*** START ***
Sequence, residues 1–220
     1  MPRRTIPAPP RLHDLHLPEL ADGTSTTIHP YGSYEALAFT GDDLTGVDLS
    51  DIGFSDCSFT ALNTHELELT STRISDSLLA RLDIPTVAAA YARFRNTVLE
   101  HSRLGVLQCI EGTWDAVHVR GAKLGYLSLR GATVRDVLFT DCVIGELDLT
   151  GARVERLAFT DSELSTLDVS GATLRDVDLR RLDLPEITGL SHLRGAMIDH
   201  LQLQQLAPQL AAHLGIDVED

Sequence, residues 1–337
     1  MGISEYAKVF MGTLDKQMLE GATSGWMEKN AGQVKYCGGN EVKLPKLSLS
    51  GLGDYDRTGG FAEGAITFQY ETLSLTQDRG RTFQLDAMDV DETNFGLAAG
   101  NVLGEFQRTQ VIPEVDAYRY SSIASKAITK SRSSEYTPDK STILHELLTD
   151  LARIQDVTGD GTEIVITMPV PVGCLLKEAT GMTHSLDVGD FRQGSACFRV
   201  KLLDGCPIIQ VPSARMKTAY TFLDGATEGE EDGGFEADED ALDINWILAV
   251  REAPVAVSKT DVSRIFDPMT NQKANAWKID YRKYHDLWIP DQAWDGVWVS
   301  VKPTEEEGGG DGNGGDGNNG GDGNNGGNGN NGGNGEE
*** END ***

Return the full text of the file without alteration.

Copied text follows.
Sequence, residues 1–220
     1  MPRRTIPAPP RLHDLHLPEL ADGTSTTIHP YGSYEALAFT GDDLTGVDLS
    51  DIGFSDCSFT ALNTHELELT STRISDSLLA RLDIPTVAAA YARFRNTVLE
   101  HSRLGVLQCI EGTWDAVHVR GAKLGYLSLR GATVRDVLFT DCVIGELDLT
   151  GARVERLAFT DSELSTLDVS GATLRDVDLR RLDLPEITGL SHLRGAMIDH
   201  LQLQQLAPQL AAHLGIDVED

Sequence, residues 1–337
     1  MGISEYAKVF MGTLDKQMLE GATSGWMEKN AGQVKYCGGN EVKLPKLSLS
    51  GLGDYDRTGG FAEGAITFQY ETLSLTQDRG RTFQLDAMDV DETNFGLAAG
   101  NVLGEFQRTQ VIPEVDAYRY SSIASKAITK SRSSEYTPDK STILHELLTD
   151  LARIQDVTGD GTEIVITMPV PVGCLLKEAT GMTHSLDVGD FRQGSACFRV
   201  KLLDGCPIIQ VPSARMKTAY TFLDGATEGE EDGGFEADED ALDINWILAV
   251  REAPVAVSKT DVSRIFDPMT NQKANAWKID YRKYHDLWIP DQAWDGVWVS
   301  VKPTEEEGGG DGNGGDGNNG GDGNNGGNGN NGGNGEE